the wrong word?

 

 

“Oh! But he was a tight-fisted hand at the grindstone, Scrooge! a squeezing, wrenching, grasping, scraping, clutching, covetous old sinner.”

 

— Charles Dickens, A Christmas Carol in Prose, Being a Ghost-Story of Christmas

 

 

 

I have always have felt that “sinner” is the wrong word here and have mentioned this now and then to some English professors. No one ever responded. They didn’t care, apparently. Perhaps because they don’t teach Victorian lit, or don’t like A Christmas Carol. (Maybe they find it not worth deconstructing.) Who knows?

I queried family members about this over the past few days. We had the following exchange.

 

 

*****************************************************

 

Hi, everyone.

Regarding the above Dickens passage, I always have felt that “sinner” is the wrong word here. Any thoughts?

 

 

*****************************************************

 

My brother wrote back: “With what would you replace it?”

 

 

*****************************************************

 

I responded to my brother as follows:

 

 

Thanks for the email. To answer you as best I can:

 

Dickens wrote:

 

Marley was dead: to begin with. There is no doubt whatever about that. The register of his burial was signed by the clergyman, the clerk, the undertaker, and the chief mourner. Scrooge signed it. And Scrooge’s name was good upon ‘Change [by which slang term Dickens meant what we would nowadays call the Stock Exchange], for anything he chose to put his hand to. Old Marley was as dead as a door-nail. …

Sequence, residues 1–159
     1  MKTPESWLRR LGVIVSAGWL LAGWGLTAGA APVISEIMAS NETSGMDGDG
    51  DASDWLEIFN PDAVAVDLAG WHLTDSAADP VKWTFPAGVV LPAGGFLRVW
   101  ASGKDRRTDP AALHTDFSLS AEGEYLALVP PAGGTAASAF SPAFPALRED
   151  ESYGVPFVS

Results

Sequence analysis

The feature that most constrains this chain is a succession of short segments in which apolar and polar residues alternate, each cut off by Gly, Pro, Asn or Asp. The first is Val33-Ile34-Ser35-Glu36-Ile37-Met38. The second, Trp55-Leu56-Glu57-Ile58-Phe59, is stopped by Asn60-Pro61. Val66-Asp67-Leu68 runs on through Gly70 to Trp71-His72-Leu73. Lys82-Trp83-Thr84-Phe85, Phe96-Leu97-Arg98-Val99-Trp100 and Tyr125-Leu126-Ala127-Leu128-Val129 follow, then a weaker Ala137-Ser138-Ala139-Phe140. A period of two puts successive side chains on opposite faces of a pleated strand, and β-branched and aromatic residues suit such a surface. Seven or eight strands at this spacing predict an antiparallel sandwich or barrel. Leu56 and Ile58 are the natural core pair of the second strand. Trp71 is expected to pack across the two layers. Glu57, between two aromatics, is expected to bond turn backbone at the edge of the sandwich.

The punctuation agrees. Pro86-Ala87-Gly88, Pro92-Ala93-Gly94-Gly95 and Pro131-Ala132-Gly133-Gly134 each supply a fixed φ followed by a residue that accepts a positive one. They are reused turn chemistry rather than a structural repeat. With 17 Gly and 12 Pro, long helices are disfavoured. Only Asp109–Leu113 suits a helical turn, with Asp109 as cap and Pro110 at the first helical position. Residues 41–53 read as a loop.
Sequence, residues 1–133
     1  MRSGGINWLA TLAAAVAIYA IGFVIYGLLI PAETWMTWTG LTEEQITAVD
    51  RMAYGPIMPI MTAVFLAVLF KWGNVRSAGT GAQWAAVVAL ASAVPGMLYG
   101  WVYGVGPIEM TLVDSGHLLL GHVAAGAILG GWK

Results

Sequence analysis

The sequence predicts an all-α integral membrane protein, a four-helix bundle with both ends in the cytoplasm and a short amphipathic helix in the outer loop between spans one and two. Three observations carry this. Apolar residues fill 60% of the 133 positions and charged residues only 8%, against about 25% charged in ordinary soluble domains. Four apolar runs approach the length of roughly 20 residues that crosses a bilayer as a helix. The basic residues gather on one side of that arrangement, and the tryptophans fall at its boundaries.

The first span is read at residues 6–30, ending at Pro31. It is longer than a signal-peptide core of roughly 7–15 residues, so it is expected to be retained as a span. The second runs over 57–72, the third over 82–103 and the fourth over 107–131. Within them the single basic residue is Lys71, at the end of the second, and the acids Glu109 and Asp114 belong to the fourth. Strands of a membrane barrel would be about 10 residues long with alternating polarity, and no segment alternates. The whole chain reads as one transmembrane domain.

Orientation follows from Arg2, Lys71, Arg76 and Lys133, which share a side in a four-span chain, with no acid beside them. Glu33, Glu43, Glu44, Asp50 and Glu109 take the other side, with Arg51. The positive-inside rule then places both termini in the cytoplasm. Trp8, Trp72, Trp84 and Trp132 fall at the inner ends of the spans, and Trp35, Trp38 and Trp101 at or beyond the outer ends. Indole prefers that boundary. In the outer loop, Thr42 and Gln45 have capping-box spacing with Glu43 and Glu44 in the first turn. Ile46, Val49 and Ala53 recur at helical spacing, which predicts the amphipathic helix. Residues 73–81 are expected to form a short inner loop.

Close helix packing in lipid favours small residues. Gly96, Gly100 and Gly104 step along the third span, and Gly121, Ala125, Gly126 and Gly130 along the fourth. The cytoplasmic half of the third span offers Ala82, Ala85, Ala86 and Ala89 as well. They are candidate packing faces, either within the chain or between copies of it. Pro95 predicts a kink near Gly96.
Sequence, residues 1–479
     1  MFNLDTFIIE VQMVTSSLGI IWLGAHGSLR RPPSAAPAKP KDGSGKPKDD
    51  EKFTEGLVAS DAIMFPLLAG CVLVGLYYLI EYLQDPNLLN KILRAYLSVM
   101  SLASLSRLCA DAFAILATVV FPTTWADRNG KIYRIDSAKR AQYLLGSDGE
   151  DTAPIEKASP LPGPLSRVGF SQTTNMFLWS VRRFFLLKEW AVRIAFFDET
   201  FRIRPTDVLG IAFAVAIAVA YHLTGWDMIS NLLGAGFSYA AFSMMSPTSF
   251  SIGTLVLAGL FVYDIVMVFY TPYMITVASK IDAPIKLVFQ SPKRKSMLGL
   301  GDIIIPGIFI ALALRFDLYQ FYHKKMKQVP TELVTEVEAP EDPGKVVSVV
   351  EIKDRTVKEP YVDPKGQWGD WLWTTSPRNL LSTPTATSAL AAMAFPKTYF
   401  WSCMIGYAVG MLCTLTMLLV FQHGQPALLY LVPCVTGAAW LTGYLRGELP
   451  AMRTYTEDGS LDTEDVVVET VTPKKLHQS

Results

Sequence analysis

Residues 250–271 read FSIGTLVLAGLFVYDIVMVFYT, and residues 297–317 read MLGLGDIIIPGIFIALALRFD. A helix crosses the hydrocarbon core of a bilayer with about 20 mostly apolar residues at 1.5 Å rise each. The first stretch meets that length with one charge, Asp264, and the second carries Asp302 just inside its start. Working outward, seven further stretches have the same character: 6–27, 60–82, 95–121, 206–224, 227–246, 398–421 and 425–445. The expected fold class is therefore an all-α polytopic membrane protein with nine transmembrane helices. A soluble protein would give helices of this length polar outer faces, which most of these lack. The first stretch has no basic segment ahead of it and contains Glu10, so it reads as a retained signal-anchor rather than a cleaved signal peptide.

Scrooge knew he was dead? Of course he did. How could it be otherwise? Scrooge and he were partners for I don’t know how many years. Scrooge was his sole executor, his sole administrator, his sole assign, his sole residuary legatee, his sole friend, and sole mourner. And even Scrooge was not so dreadfully cut up by the sad event, but that he was an excellent man of business on the very day of the funeral, and solemnised it with an undoubted bargain. …

Scrooge never painted out Old Marley’s name. There it stood, years afterwards, above the ware-house door: Scrooge and Marley. The firm was known as Scrooge and Marley. Sometimes people new to the business called Scrooge Scrooge, and sometimes Marley, but he answered to both names. It was all the same to him.